Have you ever found the perfect area rug only to be disappointed that it doesn’t come in the size you need? You can always have the rug professionally cut down and bound. The prices vary depending on your location but, here in the Chicago area, the price for cutting and binding one side starts at about $100.00. You may need to have more than one side cut and bound if you have a symmetrical pattern. Check out how Greg and Ashley of Seventh House on the Left customized the rug in their foyer.
If you’re like me, you find the perfect rug in the correct size but the price blows your budget. Because, let’s be honest, if money wasn’t an issue, you’d have no problem shopping for rugs (or anything else for that matter.) But rugs are expensive. And, I have dogs. Many, many dogs. It isn’t practical to pay mega bucks on something that will most likely be hit with doggy vomit (or worse) and covered in hair. I need something that pleases me aesthetically but doesn’t break the bank. So, I needed to come up with some way to self-bind my rugs.
Please forgive the bad cellphone pics. At the time that I did this, I had misplaced the battery chargers for my cameras.
First, you’ll need a rug. I don’t recommend doing this to an expensive rug. The above rug was on clearance at Target for $6.99. I think the most I have spent for a rug that I was planning on cutting and binding was $40.00.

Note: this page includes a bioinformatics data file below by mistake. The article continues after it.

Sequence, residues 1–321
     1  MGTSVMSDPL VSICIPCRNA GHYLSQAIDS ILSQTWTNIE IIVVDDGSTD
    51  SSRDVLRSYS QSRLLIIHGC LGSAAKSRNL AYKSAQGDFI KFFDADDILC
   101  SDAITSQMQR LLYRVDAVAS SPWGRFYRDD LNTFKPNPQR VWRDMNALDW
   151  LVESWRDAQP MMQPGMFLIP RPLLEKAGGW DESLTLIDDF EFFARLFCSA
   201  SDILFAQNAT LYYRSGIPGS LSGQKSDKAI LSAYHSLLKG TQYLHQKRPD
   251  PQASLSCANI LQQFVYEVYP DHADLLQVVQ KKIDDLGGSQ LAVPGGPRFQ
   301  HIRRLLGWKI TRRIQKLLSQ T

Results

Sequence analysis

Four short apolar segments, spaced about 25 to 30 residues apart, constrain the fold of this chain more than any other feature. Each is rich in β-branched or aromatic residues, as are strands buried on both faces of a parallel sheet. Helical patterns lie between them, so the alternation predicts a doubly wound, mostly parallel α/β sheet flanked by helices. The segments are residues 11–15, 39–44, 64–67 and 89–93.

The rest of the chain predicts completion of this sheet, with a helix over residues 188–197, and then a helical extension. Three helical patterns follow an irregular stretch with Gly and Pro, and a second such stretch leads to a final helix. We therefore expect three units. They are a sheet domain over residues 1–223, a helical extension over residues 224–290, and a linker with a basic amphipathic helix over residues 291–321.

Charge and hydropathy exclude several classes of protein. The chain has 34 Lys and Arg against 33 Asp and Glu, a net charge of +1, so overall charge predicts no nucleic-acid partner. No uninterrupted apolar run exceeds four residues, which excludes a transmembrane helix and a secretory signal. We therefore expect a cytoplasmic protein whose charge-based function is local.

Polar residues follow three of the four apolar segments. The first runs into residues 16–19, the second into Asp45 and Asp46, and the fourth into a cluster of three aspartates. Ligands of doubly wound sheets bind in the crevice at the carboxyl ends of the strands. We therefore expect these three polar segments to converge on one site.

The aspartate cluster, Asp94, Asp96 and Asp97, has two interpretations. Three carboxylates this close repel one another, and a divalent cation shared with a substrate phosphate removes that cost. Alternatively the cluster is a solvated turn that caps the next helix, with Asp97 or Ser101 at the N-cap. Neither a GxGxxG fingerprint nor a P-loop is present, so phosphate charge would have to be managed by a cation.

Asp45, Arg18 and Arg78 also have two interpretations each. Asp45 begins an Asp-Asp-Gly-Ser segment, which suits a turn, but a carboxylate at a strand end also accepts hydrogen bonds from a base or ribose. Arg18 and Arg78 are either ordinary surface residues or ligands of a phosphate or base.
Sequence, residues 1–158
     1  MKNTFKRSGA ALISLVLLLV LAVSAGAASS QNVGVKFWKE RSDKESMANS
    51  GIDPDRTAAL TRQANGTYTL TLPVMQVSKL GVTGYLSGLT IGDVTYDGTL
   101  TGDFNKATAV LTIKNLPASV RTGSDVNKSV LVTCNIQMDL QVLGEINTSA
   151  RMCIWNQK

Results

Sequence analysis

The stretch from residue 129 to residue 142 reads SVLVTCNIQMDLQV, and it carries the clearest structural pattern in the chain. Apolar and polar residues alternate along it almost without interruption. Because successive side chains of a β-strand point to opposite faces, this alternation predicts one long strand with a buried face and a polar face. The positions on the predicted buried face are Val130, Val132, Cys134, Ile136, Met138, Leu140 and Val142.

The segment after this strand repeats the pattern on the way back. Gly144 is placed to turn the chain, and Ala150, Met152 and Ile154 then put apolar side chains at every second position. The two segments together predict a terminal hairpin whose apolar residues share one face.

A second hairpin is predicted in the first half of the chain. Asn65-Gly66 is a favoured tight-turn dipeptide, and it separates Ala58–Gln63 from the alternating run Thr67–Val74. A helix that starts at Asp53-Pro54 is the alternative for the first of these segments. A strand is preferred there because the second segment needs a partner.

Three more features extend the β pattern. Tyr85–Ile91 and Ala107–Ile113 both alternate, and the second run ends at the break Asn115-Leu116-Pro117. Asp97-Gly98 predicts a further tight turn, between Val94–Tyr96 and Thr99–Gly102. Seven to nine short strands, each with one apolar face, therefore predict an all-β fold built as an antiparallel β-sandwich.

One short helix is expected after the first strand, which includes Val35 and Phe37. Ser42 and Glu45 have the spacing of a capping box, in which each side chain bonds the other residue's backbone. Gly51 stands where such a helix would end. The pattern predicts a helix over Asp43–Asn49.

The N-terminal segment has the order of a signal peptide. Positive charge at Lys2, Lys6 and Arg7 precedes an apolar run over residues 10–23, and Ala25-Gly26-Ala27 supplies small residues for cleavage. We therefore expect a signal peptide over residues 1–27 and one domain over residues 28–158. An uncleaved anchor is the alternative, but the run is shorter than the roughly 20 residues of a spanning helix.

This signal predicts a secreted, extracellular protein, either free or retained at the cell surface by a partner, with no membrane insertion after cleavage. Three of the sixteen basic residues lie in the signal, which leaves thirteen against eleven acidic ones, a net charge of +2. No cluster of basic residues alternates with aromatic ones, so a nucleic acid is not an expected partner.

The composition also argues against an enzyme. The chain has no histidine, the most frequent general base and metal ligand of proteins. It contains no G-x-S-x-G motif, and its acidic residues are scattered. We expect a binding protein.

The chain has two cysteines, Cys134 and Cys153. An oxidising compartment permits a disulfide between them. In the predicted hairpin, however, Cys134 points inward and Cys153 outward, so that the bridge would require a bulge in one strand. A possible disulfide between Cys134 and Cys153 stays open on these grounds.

Next, you’ll need a hot glue gun, lots of glue sticks, a heavy-duty scissors and a coordinating ribbon or binding tape that is 2″ wide. To determine the length of ribbon you’ll need, add about 1″ to the length of your cutting line. The type of ribbon you pick will depend on the type of rug you are using. I’m using a woven, strap-type ribbon because my rug is a loosely woven, natural material. Grosgrain ribbon also works very well for binding. Most of the time, you will want your ribbon to be the same color as the other binding on your rug. If there is no visible binding, then I would choose a color that matched the background color of the rug. I’m picking a contrasting black ribbon because I trying to match black accents in our foyer.
Trim the edges of the ribbon so they are square. If your ribbon is a big weave like mine, you can dab a small amount of hot glue on the edge so that it doesn’t unravel.
If your ribbon is thinner, you can turn the edges under 1/4″ and glue down.
Here is how mine looked when I finished applying the glue to the edges. You just want a thin coat of glue.
Measure and cut your rug.
If your rug is a long shag, you need to trim down the pile as close to the backing as possible for a 1/4″ line along your edge.
If your rug is loosely woven, like mine, you may need to remove a row or two of the weave.
Flip the rug over to the wrong side. Run a thick, 6″ long bead of glue along the end of the rug, about 1/4″ in from the edge. If yours is loosely woven, you want your glue to be on the first complete row.
Press the edge of the ribbon down into the glue and hold until it no longer feels hot. Keep working in 6″ increments until the entire ribbon is glued to the back of the rug. Turn the rug over to the front side. Apply glue to the front in the same fashion as you did to the back, folding the ribbon down to cover the rough edge of the rug.
Once the ribbon is completely attached, apply a small amount of glue to the inside edges of the corners and press until cool.
Voilà: you’re done!
I’ve bound a number of rugs in my home. All are in high-traffic areas and they have held up for over a year. I even hosed down and scrubbed one rug outside and the binding held. You can always reglue any areas that you notice the binding coming loose.